21 July 2016

"AHSH-AY-AIR BLO-KUH!" or "Yeah, I guess you could say context counts!"

It had been a crazy, insanely busy day -

I knew from the get-go that I'd be running, literally, from before sun-up until after sundown. 

Just in case you are wondering, officially there were 13 hours and just shy of five minutes of daylight on that particular day. I checked when I started the draft for this post...

So, at just shy of 4:00 pm, walking through the door of the house after picking up the kids from school so that I could get our kitty and have her to the vet's office 20 minutes later for a very important appointment (after which, hopefully we will all be sleeping better), I was most definitely a little distracted. 

And... the phone rang.

"Oui, Allô..." I said, slightly breathless after hopping over, around and through a rather large conglomeration of snow boots, backpacks, gym bags, lunch boxes, coats and other assorted items that six school kids tend to rapidly drop just inside the door when first arriving home.

"Bonjour! C'est AHSH-AY-AIR BLO-KUH..." and THAT was all I heard before the typical panic that strikes every time someone starts speaking French to me over the phone began to set in.


You'd think I'd be over this by now. 

I've been receiving phone calls in French for 16 years. 

It shouldn't still be causing such a brain freeze. 

But I really hate sounding like an incompetent fool...

Fortunately, I caught three words out of the next several that the speaker said: Monsieur, Wright and impôts (or taxes)... and those three words were all it took to give me a desperately needed context to aid comprehension. 

In fact, at that moment, literally EVERYTHING the caller had said suddenly made sense.

H&R Block (a name I've heard for years) was calling to speak to my husband about our taxes. It was, after all, April. Deadlines were looming. The office only had our house number and not Tim's cell - and needed to speak to him. I recited the needed number, we politely wished each other a nice day and I was back off and running to get our kitty to the vet.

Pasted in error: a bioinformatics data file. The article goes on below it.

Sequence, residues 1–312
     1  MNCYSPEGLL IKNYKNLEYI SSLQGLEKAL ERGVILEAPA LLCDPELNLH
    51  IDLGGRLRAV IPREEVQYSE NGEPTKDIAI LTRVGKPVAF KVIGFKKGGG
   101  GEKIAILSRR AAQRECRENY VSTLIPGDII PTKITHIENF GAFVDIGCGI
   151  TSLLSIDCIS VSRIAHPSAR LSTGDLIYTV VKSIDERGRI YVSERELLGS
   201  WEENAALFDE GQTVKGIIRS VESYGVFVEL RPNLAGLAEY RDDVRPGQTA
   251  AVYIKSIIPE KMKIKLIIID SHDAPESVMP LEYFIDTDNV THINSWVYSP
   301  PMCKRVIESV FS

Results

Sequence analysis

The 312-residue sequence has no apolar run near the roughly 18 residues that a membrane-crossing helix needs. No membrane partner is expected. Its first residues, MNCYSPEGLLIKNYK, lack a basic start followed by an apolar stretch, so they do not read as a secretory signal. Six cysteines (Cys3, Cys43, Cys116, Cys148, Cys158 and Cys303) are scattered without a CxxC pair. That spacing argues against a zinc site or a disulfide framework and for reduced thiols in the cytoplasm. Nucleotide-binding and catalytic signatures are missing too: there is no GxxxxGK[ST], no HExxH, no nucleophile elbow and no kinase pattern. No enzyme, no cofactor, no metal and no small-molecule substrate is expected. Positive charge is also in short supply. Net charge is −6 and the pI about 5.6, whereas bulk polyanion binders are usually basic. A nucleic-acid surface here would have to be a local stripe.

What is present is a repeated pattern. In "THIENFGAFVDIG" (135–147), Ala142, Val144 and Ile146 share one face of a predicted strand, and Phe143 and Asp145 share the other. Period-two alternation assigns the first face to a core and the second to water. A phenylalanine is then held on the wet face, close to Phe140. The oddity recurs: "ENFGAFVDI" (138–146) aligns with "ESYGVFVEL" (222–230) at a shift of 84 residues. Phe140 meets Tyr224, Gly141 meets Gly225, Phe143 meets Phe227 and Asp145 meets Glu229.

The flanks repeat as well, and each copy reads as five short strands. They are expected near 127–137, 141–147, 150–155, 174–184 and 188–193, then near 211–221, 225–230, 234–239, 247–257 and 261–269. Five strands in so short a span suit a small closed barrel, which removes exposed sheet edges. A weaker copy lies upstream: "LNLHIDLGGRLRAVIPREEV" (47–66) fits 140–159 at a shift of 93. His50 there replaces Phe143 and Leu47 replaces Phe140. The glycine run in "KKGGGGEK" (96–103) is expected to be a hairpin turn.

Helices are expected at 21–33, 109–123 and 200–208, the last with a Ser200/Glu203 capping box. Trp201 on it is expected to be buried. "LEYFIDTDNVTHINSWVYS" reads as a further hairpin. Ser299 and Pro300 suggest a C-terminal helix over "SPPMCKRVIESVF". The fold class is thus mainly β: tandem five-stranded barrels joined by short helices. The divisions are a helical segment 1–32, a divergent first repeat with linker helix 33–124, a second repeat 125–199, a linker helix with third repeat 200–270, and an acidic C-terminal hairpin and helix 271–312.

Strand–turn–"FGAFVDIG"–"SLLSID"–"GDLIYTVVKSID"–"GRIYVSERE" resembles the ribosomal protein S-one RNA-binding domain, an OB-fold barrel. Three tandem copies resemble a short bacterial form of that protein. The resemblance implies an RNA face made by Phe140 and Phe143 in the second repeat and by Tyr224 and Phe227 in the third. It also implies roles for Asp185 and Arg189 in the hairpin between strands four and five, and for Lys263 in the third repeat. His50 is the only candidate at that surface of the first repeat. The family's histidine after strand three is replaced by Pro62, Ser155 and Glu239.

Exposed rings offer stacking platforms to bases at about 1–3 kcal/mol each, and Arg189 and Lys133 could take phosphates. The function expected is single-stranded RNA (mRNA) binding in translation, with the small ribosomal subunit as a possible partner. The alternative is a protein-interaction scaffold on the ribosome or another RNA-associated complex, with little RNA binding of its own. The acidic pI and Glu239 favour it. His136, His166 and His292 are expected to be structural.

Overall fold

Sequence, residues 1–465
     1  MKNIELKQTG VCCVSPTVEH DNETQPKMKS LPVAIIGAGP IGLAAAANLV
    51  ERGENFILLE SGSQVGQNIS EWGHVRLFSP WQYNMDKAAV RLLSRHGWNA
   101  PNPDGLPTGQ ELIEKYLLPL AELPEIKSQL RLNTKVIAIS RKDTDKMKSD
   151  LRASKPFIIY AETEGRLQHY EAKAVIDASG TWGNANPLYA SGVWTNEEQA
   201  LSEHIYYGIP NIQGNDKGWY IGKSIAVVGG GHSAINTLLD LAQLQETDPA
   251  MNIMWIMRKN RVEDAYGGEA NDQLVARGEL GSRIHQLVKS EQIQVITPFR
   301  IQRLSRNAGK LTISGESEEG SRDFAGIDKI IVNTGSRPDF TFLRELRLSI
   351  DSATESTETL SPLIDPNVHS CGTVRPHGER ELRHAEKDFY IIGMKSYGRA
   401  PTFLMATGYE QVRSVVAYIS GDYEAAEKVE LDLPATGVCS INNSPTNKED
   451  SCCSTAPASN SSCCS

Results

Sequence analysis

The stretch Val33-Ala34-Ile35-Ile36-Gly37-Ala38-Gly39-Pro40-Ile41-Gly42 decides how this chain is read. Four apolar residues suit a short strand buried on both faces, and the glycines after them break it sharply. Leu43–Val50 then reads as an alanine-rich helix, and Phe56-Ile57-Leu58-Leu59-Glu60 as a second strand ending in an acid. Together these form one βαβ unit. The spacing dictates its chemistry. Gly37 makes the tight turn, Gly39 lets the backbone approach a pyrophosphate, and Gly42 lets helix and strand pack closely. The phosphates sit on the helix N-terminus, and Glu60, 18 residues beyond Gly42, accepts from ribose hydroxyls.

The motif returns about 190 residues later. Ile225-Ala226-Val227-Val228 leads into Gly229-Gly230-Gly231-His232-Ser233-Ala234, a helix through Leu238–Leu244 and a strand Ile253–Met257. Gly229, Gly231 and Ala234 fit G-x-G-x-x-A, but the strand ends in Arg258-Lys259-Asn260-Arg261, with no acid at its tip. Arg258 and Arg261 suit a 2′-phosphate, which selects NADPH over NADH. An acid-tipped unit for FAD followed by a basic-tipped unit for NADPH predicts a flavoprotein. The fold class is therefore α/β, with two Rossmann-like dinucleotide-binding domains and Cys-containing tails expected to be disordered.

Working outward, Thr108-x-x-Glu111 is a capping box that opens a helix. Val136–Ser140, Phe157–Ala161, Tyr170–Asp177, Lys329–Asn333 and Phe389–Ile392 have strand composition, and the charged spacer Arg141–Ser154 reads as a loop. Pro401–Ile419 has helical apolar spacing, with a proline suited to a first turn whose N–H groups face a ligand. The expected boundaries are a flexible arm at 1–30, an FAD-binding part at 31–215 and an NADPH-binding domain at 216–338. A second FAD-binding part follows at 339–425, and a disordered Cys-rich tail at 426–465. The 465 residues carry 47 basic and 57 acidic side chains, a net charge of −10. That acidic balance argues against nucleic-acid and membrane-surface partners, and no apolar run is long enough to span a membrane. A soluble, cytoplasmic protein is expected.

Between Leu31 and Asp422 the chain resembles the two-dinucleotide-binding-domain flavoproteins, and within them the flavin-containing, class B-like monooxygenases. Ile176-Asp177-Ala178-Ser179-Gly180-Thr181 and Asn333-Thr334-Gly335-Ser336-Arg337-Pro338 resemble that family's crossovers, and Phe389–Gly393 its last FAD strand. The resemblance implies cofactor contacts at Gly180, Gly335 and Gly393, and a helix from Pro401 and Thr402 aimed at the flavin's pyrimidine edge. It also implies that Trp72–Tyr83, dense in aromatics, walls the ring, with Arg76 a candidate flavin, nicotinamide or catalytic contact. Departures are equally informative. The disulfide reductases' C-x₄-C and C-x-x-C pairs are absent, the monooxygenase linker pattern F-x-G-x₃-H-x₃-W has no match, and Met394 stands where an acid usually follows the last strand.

When I walked through the door, before the phone rang:

  1. my mind was fixed on the next thing I had to do, 
  2. we'd been listening to an audio drama in the car (about Dietrich Bonhoeffer - what a story!)
  3. the kids were yattering about their days and worrying loudly about how the cat would do at the vet, 
  4. it was 4 in the afternoon (i.e. preferred sieste time), yet 
  5. I had more than half of a very full day looming, and
  6. the land line rarely rings at the house ~ unless it is hubby calling and, not surprisingly, we tend to speak to each other in English. 
And, even though H&R Block is a well known business name to me - it is something I've heard of literally all of my life - the name sounded totally foreign when pronounced with French phonetics.

Which brings me back to what seems to be a bit of a resounding theme lately ~

It is difficult to make good decisions or knowledgeable judgments if I don't have sufficient context to have any real comprehension. 

It is impossible to participate in profitable discourse concerning the pertinent and difficult questions that trouble our present times.

Yet instead of slowing down, 

rather than gathering more information and 

discerning a context...

there's this strong temptation to plunge ahead, regardless of collateral damage. 

Arrogant, egocentric, lazy and impetuous, I quickly assume that my perception from my point of view is, if not exactly identical to that of God, it is most certainly the next best thing.

Yet, without context... without understanding... 

without any recognition of how my present perspective prejudices... 

or possibly even perverts... 

How can I arrive at an equitable and more complete understanding of the reality in question?

This attitude, so prevalent - today, and, apparently, in Jesus' time - closes conversations rather than encouraging dialogue, learning and change for the better.

And in John, Jesus is pretty clear that I have no business judging, without first having enough knowledge to do so correctly.

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